This disclaimer shouldn’t be necessary, but it is, given the prevalence of absolute jokers running for Congress: I appreciate that Bognet was willing to speak to me without throwing a fit or running away, unlike several of his potential future colleagues. But if you think the above answer indicates some intention to dramatically break with current US policy consensus, you have to be living in La La Land. While it could theoretically be useful for Congress to exert more oversight on Ukraine-related matters, all the oversight in the world makes no difference if the Republican majority is in fundamental agreement with the basic trajectory of the already-existing policy. Bognet also mentioned that the Biden Administration had not been forthright in explaining its broader strategic outlook on Ukraine, which is valid enough, but this doesn’t reveal anything about the aspiring Congressman’s own views. It’s a deflection uncannily reminiscent of the 2006 midterms, when Democrats campaigned on “anti-war” talking points that were ultimately just partisan anti-Bush grist — procedural complaints about Bush allegedly failing to produce a “clear strategy” enabled Democrats to avoid ever really addressing the elemental issues at hand with Iraq. This is the mirror image of what Republicans are doing right now.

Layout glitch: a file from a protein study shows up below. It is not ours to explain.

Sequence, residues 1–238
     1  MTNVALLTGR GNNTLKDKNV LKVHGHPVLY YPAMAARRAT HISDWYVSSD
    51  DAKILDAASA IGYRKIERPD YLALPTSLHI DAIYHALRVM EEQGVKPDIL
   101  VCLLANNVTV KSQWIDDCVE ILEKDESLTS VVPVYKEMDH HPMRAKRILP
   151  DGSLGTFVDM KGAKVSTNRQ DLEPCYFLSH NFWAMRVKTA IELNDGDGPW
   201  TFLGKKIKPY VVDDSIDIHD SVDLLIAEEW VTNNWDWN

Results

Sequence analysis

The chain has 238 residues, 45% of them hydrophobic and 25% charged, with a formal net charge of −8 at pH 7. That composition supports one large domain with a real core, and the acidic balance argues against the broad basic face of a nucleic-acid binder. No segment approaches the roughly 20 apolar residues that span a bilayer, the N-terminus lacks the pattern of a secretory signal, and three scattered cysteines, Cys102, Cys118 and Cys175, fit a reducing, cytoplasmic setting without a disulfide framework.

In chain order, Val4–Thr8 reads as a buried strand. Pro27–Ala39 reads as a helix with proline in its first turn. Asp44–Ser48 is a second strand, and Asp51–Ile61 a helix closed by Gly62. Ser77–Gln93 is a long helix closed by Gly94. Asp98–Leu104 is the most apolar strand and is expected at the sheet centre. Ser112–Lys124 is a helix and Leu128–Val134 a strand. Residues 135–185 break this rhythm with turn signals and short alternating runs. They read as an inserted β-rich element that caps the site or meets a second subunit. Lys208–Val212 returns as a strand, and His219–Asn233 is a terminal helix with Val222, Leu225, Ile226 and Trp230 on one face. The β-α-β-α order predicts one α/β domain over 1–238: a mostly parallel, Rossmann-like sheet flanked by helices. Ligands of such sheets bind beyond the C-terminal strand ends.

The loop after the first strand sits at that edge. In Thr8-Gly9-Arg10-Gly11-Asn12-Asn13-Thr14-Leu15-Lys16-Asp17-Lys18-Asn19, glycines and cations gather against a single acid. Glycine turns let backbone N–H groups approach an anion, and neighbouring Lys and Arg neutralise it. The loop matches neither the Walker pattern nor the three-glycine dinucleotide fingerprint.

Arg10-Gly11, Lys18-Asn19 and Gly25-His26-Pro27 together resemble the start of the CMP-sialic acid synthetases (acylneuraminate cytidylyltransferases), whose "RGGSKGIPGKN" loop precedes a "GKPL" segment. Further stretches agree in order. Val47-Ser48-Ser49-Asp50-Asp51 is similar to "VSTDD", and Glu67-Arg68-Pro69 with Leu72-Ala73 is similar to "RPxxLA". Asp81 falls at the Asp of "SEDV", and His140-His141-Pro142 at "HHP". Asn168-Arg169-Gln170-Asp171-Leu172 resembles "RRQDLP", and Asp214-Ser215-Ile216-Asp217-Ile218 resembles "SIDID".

If anything, the GOP’s ostensible demand for additional “oversight” related to the Ukraine war is frequently paired with demands for even more aggressive US intervention. Sen. Rick Scott (R-FL) is the person who’s been organizing national campaign strategy on behalf of Senate Republicans this midterm cycle, and he’s poised to take on another prominent position within the Senate GOP caucus — perhaps even challenging Mitch McConnell for Majority Leader. Here’s what Scott told me back in July: “We need to help Ukraine beat Russia, but we also have to make sure we are not wasting our dollars.” According to Scott, improving oversight of US war policy would entail ramping up the US war effort. “Right now, we’ve got to do whatever we can,” he said. “I’m disappointed that the Biden Administration doesn’t feel the need to give them the weapons that they can defeat Russia. They slow-walk everything, everything takes too much time.” So that’s the kind of upgraded efficiency one can likely expect from incoming Republican congressional leadership.
It’s understandable that the mainline GOP position on Ukraine war policy is poorly understood by the public, because candidates in both parties are virtually never asked any informed and/or probing questions on the topic. To the extent journalists try to be “adversarial” along these lines, it’s usually the standard hectoring of Republicans for allegedly being captive to Putin.